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How should you talk to young men about mental health?

The Black Dog Institute shares some advice for supporting the young men in your life.

For many young men, talking about mental health can be hard. And for those who care about them and may be concerned, knowing how to help can be just as difficult.

Dr Andrea Fogarty, a Research Fellow at the Black Dog Institute, shares a few insights on how to best support the young men in your life.

What are some of the barriers that prevent young men from seeking help for mental health issues?

There are several barriers which make young men less likely to seek help. For example, young men may not always recognise that what they are experiencing is a mental health problem. Everyone has off days, or feels stressed, or annoyed. It’s easy to think of these moments as one-off incidences, rather than seeing them as part of a larger pattern over time.

Even when they recognise there is a problem, young men are affected by the stigma associated with needing help for a mental health problem.

Some young men are also affected by ideas about what it means to “be a man”. In Australia, the culture has inadvertently taught young men that they should not be vulnerable and that they should be more than capable of solving their own problems – rather than ask someone else for help.

More generally, young men see doctors for their health less frequently than young women, and when they do see a doctor, their mental health problems may not be recognised.

“For young men, signs of depression can be different to what you might expect in a young woman. Young men may be more likely to become more angry, aggressive, or reactive, compared to young women.”

What are some signs of poor mental health in young men to keep an eye out for?

The key thing to look out for is a change in what is usual for that individual. Most disorders can impact on many aspects of life, including moods, behaviour, energy levels, and sleeping or eating patterns. But so too can adolescence! A quick rule of thumb is to watch out for big changes in how someone usually behaves, and if it lasts for longer than usual.

Also, for young men, signs of depression can be different to what you might expect in a young woman. Young men may be more likely to become more angry, aggressive, or reactive, compared to young women, who are generally more likely to express sadness, fear and/or worry.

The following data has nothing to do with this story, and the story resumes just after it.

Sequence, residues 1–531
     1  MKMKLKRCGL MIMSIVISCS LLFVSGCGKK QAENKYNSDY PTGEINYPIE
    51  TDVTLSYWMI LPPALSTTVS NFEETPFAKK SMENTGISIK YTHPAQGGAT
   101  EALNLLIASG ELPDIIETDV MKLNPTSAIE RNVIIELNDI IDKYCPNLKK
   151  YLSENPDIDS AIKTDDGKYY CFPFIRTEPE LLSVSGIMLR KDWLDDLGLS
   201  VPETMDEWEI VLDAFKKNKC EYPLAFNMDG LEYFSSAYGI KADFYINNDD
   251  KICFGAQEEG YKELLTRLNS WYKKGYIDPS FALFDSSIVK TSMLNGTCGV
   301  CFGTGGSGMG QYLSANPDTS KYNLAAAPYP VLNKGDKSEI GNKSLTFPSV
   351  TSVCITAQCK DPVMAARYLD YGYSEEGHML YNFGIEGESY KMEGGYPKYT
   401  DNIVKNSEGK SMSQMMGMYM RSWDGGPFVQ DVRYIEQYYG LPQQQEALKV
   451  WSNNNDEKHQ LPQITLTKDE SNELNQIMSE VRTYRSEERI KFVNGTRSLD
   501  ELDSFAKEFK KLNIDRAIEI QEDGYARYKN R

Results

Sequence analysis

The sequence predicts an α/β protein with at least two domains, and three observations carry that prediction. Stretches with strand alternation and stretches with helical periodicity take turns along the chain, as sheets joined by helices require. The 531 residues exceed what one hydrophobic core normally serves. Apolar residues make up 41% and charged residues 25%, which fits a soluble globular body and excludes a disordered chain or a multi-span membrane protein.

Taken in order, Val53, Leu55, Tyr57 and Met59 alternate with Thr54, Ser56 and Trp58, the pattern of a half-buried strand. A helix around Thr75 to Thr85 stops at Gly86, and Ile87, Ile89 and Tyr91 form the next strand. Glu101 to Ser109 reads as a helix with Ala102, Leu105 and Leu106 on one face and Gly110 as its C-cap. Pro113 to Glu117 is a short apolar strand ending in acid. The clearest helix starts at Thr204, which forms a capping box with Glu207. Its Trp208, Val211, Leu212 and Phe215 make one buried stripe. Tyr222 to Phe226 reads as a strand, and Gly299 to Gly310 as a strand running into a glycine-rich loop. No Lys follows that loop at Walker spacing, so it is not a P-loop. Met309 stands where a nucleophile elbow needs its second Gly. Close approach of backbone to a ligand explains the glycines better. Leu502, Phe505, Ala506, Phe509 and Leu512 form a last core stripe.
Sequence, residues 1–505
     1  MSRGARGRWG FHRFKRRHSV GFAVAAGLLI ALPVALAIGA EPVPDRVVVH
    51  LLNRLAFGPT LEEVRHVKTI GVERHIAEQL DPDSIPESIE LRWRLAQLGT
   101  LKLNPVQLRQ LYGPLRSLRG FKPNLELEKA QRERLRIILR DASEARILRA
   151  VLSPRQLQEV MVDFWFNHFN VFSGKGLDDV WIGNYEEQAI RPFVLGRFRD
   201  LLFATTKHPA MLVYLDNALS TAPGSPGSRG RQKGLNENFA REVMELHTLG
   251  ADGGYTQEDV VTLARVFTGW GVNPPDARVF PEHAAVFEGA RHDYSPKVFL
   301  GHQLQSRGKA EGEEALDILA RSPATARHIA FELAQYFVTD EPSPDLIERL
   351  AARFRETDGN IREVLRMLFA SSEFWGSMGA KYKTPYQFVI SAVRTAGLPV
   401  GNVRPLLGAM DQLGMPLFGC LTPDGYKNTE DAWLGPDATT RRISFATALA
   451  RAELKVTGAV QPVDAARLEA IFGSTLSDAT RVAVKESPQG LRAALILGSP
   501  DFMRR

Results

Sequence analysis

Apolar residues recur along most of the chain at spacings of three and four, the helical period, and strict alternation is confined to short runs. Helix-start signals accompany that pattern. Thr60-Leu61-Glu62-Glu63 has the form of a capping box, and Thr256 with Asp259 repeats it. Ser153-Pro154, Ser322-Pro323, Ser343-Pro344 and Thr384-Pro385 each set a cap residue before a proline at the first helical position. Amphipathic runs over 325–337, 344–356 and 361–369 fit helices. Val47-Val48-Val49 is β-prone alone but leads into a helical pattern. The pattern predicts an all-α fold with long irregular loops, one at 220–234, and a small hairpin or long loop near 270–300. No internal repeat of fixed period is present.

This is also partly due to socialisation – young women are encouraged to attend to their feelings and give them a definitive label, whereas young men aren’t always. This leads to different ways of coping with emotions and young men are more likely to experience alcohol or substance use problems.

It’s socially acceptable for young men to drink alcohol, which might be a standard way of dealing with stress at the end of a day – but can turn into over-use or over-reliance on these strategies when problems intensify.

“What we know from research is that young men prefer to talk to their family and friends first, rather than seek professional services.”

If you’re concerned about a young man in your life, how should you approach the situation? 

Unfortunately, there is no magic bullet for this, otherwise we would be doing much better for our young men already.

What we know from research is that young men prefer to talk to their family and friends first, rather than seek professional services. So, never be afraid to check in and voice your concerns if you have them. Simply asking how they are is a great first step – and secondly, be prepared for what you might hear!

They may tell you everything is fine. In that case, you can continue to keep checking in, letting them know you care, and being specific about what you have noticed seems different about them.

Alternatively, they might tell you that things are not OK and you need to be prepared for that too. We advise planning what you would say or do next. Typically, it helps if you can listen to what they are saying and ask them what they need, rather than jumping straight into offering solutions.

Ask what they think would be of most help – do they want you to find resources for them, do they want your help making an appointment with a GP, for example? Would they be interested in learning about some of the online and anonymous places they can get help? The Black Dog Institute website can be a great resource, with guides to help start these conversations in a safe and constructive way.

In general though, if possible, the best place to start can be with a GP, who can help gauge the severity of the issue and point most people in the right direction.

What we know from research with adult men is that they valued being checked in on time and again. Even when they were pushing their support network away, they still wanted to hear that somebody cared, and were glad when people persevered.

Support is most likely to be accepted when it’s non-judgemental and emphasises connection and belonging – that the young man is part of a larger network that cares how he is doing.

For more information and resources about young men’s mental health, visit the Black Dog Institute.

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